An Ethical Question: Should Hygienists be Facebook Friends with Patients?

© Kaspars Grinvalds / Adobe Stock

It is no surprise to anyone in the modern world that in 2020 we live in a very high tech, social network type of world. We can be connected to gaming sites, Facebook, Twitter, LinkedIn, Instagram, Snapchat, and so many more with just the tap of a finger or a single voice command.

While I strongly believe that there are plenty of positive effects of social media, there is, unfortunately, the potential for negative effects as well. As health-care providers, we may be faced with the dilemma of whether to accept a friend request or if we should friend a patient. I was recently asked this question by a colleague. Although I know my own personal feelings on this topic, it made me wonder what the consensus of most practitioners is when faced with this decision.

Patients Who Are into You

Social media is a wonderful tool to help your dental practice stay relevant in today’s market. Facebook estimated that 2.26 billion people use Facebook, WhatsApp, Instagram, or Messenger each day, and more than 2.89 billion people use at least one of the Facebook family of services every month. On average, 1.66 billion people log onto Facebook daily and are considered daily active users (Facebook DAU) for December 2019.1

Social media can help you to connect with your current and future patients. Offices can post tips, videos, online reviews, oral health articles, before and after photos, raffles, highlight doctors or staff members, patients, and specials that your office may offer. It’s a fun and easy way to talk and connect with people who are interested in you, your staff and your practice in a way that you are comfortable with.

You will need to set up a Business page, not a personal profile page. You control all the content on the page and structure it with professional boundaries in effect. In a sense, it becomes a fan page for your patients who love you! Rather than “friending” you, patients “like” your page and receive notification updates and can follow your posts.

Although some offices will outsource this to a marketing company, it can easily be done within the office setting. Just remember to keep it relevant, up to date, and professional.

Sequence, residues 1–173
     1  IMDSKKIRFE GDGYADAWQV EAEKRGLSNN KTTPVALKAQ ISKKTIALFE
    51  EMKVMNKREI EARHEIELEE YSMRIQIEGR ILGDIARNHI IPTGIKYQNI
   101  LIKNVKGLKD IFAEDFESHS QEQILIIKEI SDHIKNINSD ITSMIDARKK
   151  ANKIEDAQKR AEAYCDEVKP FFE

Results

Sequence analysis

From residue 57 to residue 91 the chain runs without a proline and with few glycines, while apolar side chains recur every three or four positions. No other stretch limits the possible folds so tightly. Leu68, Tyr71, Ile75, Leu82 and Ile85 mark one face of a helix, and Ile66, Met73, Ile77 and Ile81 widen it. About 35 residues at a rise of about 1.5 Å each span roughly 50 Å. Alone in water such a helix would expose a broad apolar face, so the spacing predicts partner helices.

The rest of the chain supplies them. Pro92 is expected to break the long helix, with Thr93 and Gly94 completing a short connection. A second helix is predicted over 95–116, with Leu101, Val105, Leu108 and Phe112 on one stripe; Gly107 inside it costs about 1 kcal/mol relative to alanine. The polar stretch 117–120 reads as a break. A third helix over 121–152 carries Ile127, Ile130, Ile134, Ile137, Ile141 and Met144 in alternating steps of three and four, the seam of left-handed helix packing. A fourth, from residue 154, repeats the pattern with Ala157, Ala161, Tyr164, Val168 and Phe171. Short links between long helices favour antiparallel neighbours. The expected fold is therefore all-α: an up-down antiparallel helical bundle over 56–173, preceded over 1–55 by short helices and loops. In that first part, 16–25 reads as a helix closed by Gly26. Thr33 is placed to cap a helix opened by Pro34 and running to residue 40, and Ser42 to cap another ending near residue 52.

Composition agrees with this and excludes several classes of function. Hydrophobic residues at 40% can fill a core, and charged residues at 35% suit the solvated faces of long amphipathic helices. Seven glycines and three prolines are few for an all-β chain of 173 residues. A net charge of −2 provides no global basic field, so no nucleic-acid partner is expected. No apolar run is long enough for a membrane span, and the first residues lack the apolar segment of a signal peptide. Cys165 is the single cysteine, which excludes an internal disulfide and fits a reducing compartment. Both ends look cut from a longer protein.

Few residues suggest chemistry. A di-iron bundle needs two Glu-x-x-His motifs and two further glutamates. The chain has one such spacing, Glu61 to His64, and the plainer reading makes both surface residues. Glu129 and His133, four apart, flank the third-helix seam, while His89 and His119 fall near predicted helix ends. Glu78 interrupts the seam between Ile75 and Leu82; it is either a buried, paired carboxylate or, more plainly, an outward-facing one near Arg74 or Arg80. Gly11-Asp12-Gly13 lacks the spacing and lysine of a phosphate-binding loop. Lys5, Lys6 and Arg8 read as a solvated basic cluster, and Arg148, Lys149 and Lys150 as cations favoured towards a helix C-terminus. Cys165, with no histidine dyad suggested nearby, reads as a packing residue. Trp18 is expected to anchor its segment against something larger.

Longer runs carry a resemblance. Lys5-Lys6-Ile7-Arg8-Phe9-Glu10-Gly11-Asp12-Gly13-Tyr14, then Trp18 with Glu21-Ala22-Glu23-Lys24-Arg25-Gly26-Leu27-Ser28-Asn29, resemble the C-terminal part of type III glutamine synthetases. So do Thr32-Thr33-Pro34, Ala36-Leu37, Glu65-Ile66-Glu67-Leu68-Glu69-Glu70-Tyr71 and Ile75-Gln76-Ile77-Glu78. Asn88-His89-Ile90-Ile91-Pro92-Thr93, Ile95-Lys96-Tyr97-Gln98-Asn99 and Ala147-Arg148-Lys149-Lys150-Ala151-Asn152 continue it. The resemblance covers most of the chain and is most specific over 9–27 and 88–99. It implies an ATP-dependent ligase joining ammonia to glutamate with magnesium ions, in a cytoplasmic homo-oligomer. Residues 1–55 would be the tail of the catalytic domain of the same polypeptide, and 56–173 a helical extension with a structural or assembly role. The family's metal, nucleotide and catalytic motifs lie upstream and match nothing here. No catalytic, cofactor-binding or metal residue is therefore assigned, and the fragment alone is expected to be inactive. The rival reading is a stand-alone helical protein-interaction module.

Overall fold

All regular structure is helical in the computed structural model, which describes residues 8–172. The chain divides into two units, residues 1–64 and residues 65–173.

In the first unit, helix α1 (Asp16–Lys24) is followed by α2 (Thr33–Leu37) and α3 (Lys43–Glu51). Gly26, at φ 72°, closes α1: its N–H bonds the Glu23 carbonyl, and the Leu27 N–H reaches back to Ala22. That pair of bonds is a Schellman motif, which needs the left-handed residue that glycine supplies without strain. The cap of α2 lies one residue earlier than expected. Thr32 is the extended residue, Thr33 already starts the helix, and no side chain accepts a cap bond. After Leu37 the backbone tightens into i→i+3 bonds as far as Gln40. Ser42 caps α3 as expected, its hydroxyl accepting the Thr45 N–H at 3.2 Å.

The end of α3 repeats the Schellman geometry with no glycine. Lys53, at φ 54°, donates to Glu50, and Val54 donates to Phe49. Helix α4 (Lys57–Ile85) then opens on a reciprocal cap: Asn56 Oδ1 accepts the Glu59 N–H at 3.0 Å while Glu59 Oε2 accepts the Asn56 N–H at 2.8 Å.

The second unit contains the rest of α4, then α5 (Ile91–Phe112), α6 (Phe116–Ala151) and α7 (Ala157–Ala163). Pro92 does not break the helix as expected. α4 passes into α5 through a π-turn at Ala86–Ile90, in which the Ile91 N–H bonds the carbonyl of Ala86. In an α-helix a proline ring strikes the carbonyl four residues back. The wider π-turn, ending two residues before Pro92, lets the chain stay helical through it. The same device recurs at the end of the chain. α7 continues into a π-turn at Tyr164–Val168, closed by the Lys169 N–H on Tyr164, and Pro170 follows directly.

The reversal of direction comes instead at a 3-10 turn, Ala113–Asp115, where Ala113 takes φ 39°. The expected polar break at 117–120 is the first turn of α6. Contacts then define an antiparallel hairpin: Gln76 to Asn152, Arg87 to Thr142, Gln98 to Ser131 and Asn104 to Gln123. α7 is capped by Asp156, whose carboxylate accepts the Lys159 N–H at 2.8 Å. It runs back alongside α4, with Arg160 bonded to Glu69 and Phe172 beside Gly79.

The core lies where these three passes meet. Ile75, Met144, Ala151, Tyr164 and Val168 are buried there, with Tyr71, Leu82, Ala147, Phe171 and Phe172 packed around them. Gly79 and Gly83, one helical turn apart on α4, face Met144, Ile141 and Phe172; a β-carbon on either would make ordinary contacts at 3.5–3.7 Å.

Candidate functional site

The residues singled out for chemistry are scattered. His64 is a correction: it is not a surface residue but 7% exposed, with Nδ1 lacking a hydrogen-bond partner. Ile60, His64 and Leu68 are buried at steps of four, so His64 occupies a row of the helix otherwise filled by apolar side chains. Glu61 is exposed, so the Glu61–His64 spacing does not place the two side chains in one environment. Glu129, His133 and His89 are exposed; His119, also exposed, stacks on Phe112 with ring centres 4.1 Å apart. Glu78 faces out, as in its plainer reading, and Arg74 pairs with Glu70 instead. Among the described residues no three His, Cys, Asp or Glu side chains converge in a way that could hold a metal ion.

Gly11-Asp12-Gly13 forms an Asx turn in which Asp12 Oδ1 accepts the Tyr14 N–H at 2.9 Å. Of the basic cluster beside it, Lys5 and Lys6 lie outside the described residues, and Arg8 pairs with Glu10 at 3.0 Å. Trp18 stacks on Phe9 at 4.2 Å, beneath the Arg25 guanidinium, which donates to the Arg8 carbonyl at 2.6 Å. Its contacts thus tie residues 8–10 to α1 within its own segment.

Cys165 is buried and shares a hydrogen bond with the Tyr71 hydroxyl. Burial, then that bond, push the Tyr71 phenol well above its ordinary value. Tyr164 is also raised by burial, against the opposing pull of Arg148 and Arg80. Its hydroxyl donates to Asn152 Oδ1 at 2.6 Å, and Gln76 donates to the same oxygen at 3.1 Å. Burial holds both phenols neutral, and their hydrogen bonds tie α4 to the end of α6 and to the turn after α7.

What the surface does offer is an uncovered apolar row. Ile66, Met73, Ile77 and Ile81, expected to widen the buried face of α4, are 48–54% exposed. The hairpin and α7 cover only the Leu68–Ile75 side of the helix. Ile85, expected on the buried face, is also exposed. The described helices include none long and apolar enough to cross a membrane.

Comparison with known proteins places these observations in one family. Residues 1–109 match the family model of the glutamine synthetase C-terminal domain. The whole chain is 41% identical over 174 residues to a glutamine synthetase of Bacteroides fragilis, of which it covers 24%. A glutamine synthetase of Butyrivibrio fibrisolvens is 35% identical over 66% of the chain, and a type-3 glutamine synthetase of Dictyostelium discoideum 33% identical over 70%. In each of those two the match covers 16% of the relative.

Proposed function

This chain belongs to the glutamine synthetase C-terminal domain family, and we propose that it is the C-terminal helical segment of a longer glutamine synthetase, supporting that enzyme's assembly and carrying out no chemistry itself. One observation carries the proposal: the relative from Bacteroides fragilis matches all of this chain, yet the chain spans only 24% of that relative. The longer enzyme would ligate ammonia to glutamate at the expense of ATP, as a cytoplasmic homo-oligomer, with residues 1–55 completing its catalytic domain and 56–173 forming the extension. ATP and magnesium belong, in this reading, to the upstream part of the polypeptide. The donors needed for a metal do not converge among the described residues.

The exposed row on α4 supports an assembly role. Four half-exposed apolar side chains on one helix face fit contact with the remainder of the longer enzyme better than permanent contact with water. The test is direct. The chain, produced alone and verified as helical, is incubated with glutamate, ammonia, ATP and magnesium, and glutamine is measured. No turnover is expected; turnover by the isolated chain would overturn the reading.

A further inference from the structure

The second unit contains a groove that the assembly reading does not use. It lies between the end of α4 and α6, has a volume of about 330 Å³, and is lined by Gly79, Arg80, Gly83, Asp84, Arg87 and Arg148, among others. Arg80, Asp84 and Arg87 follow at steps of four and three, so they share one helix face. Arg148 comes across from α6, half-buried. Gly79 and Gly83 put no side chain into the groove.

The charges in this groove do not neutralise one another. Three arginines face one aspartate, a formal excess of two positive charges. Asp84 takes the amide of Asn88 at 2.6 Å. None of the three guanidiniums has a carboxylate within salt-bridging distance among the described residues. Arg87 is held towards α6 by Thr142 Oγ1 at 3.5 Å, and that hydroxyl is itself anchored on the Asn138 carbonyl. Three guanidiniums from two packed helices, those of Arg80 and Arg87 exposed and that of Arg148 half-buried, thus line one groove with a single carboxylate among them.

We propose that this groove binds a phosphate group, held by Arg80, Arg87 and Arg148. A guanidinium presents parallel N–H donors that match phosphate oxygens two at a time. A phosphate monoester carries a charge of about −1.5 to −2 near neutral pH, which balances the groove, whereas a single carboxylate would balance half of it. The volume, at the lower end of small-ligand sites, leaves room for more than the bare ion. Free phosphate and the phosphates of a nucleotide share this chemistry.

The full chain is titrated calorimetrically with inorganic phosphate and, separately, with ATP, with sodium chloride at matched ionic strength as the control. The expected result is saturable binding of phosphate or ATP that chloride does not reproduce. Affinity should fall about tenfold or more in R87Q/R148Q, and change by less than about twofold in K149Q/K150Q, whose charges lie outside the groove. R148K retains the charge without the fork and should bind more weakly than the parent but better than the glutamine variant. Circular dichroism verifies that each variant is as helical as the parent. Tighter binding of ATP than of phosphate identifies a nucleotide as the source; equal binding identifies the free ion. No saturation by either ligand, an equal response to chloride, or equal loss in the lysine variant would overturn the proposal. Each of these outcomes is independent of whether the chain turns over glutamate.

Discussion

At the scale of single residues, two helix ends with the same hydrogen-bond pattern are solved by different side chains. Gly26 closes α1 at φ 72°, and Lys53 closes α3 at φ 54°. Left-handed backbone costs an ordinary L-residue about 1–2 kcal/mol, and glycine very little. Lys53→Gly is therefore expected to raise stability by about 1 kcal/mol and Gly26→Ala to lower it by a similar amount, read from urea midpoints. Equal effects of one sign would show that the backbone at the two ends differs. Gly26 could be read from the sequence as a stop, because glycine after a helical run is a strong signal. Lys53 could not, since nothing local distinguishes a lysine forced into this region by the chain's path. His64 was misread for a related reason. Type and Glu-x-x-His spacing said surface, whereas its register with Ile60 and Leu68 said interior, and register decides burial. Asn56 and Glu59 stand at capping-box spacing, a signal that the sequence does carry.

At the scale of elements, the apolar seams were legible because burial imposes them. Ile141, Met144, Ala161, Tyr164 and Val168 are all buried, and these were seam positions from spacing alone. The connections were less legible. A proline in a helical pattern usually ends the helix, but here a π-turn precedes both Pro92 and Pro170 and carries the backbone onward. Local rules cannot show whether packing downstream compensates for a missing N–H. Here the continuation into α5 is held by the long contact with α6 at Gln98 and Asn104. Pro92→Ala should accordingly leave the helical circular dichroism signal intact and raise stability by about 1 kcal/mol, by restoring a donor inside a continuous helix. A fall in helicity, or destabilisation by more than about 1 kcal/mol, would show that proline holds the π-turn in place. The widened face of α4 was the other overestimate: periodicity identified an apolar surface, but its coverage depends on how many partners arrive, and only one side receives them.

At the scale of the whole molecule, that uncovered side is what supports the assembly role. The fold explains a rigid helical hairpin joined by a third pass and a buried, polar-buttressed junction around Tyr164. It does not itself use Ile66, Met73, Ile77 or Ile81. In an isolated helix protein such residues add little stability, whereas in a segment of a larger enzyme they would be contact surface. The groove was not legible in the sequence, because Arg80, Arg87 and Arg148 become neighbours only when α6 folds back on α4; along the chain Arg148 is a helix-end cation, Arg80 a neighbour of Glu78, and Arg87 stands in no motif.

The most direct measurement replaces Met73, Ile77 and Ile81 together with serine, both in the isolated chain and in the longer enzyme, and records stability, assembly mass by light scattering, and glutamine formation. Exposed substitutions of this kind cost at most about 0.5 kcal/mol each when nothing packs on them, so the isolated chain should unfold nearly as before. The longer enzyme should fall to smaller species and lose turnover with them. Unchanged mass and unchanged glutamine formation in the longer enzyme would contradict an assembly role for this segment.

Are You My Friend?

So, what’s wrong with friending our patients on social media sites? Interestingly, while 74%  of dentists and 44% of patients state that it is not appropriate for dentists and their patients to be friends on social media platforms, 29% of dentists and 17% of patients have accepted friend requests and have added their dentist on social media.2

Some of you may be in small towns and will run into patients at the grocery store, your children’s ballgames, or the post office. Some of you may have been in the same dental practice for more than five or 10 years and have built relationships and friendships with some of your long-term patients. It’s a very personal decision, but one that you should put a lot of thought into before you click that accept button.

I posted an online poll in a group of dental professionals posing this very question and here are the results:

Out of 462 dental professionals polled:

  • 251 (54%) would friend a patient, but they are very selective.
  • 142 (31%) would friend a patient, but only if they were friends prior to being a patient.
  • 67 (15%) said “nope, never, not a chance.”
  • Two said “Absolutely, patients are friends.”

Selective Friends

The overwhelming response was that dental professionals (RDHs or DAs) would friend a patient on Facebook, but they are very selective in doing so. I also fall into this category. Although I am a very private person, I do have some patients who I have a genuine connection or common interest with and share personal stories and information with; so for those few patients, I have no problem being their Facebook friend.

But, for most of my other patients, I feel that would be very inappropriate. Why you may ask? A huge host of reasons that I can think of, and here are just a few. Although you may choose to divulge with patients some information face to face, you may hold back or temper what you allow them to know about you.

Facebook can show who you are related to directly or indirectly, which may not be information you want to share. Any political affiliations and views you may have commented about or posted are visible, any personal issues or beliefs, online spats, those vacation photos of you in a swimsuit, partying at New Years, that new ride you just purchased, or a random dental joke you found funny that patients could find offensive.

Access to social media sites by your patients can blur the boundaries between the professional and private life that you lead and can change the whole balance of your relationship with your patients. You want them to value you as a dental professional and have trust in you to care for their dental health. I recommend being very selective in patients that you accept friend requests from or direct them to your business Facebook page where you can interact with them if needed on a professional platform. Patients can be great friends, but not always Facebook friends.

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  1. The Top 20 Valuable Facebook Statistics – Updated January 2020. Zephoria Digital Marketing. January 2020. Retrieved from
  2. Parmar, N., Dong, L. Benedikt Eisingerich, A. Connect with Your Dentist on Facebook: Patients’ and Dentists’ Attitudes Towards Social Media Usage in Dentistry. J Med Internet Res. 2018; 20(6): e10109. Retrieved from